Irony of the productive parliament

Posted: May 25, 2013 in Politics

Google Play Store houses a number of apps categorised under ‘productivity’. Google’s content editors have classified these as such. It is debatable whether these actually help improve productivity or not. But anyway people think about how small things like predictive keyboards help in their day-to-day lives, to work or complete tasks more efficiently. And so be more productive in whatever they do.

Ironically, when it comes to taking decisions which impact lives of over 1 billion Indians, productivity seems to be immaterial. TOI had printed an article last month which stated that the current parliament has had 1157 hours of sitting. This is deemed to be the lowest number of hours that any parliament (those who have done full terms) has clocked since independence. You would be justified in saying “what do you expect from such ‘leaders’ anyway”? Some would also say that the current government is so corrupt that the opposition is indeed doing a good job to teach it a lesson and stop it from passing any bills. Apparently, this is a strategic move by the opposition.

Parliament of India, Credit:

Parliament of India, Credit:

The statistics are interesting yes. But is this what one should concentrate on? Even if no time had been wasted would you have called the parliament productive? How do you quantify productivity of a parliament? The keen eyed will note that I have used ‘parliament’ not ‘government’. As far as I know, all representatives, be it from the ruling party or the opposition,  inside the parliament have a task and so can, ideally, be measured against some standard. Agreed that the processes inside the parliament are complex but that does not mean that outcomes can’t be measured, surely?

There was a movie starring Anil Kapoor in which he becomes the Chief Minister of a state for 24 hours. He goes about ‘CMing’ in typical movie style. Imagine that you had been given similar powers and asked to draft a set of rules to define productivity norms for parliamentarians. Boy, “draft a set of rules to define productivity norms” sounds heavy! But bear with me.

Lets start with a simple one – attendance. During engineering we had norms to have at least 75% attendance in classes (which was quite difficult frankly :-)). Now our ‘esteemed’ leaders are supposed to be doing a serious job so 75% won’t really do. Lets make it 90%.  Any shortage would automatically be deducted from their salaries (they will be registering their attendance using a retina scanner of course, both in and out :-)).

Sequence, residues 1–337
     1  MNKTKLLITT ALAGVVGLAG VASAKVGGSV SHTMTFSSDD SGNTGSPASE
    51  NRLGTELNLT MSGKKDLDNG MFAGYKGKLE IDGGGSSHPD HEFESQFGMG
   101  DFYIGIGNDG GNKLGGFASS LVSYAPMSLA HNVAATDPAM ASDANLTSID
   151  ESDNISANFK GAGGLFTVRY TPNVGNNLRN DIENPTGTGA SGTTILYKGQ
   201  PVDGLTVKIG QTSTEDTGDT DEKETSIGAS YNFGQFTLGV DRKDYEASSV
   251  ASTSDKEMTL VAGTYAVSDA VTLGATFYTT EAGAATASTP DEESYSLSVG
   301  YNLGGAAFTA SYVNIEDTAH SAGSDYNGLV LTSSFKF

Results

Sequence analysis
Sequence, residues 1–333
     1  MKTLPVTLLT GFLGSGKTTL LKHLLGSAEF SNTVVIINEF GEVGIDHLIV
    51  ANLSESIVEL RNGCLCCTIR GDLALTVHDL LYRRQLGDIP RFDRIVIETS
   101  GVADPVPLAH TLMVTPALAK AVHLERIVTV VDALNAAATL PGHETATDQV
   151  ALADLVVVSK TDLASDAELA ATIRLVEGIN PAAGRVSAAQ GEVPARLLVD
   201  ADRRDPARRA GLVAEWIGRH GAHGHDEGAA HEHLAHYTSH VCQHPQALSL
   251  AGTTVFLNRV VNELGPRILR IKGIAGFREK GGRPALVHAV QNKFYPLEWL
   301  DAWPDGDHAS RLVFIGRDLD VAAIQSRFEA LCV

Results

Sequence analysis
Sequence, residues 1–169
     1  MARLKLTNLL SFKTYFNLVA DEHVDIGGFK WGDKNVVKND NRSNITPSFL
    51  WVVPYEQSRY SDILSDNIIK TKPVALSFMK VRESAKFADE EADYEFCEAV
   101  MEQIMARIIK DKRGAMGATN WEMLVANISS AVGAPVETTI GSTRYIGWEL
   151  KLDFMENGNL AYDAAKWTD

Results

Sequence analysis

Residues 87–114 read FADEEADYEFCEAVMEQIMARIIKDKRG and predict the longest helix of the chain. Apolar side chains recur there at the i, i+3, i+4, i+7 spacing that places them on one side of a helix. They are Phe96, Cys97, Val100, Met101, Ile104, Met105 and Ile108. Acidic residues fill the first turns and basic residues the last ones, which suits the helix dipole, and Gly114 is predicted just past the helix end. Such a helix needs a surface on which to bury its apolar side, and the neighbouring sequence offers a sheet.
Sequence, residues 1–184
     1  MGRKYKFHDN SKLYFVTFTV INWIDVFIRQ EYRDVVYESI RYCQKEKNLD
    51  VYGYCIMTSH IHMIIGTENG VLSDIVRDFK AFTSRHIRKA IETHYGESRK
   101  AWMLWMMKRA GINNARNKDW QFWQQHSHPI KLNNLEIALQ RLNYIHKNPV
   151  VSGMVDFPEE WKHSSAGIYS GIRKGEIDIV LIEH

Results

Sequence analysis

Forming and modifying legislation is the primary task of our parliament. So obviously the number of such modifications and introduction of new legislations should be a contributing factor. The number, however, would only be half the story. the quality of these legislations would have some weightage. This ‘quality’ should be determined by crowd sourcing – political experts, accomplished academicians and the like being the ‘crowd’. The formula could be something like

Legislation score = (Number of legislations + Number of modifications to legislations) * Quality factor

The opposition’s duty, in theory at least, is to enable a thorough discussion on various bills tabled by the government. A lot of shouting, standing on chairs and tables or boycotting the sessions are various ways our politicians ‘discuss’. Any serious discussion would be based on facts, figures and a reasoned debate. This would, of course, look quite boring on TV. So its quite understandable that our leaders resort to more creative ways of showing disagreement. Is there a better way? Perhaps. Instead of simply broadcasting sessions on national TV, make these sessions interactive with the public. A instant poll on what people think about various member’s skills, behaviour, and work ethics would hopefully shame them enough to behave like responsible people. If you take this argument to the logical conclusion, then a consolidated drubbing in polls over a year or so would be enough to ‘fire’ a parliament member. Too much you think? If people can put the person in the parliament in the first place, then why can’t they fire the same person?

No doubt this is an amateurish set of suggestions. I like to think that the collective knowledge and wisdom of the public would have much better ways of making our parliamentarians be more productive. What would your suggestions be?


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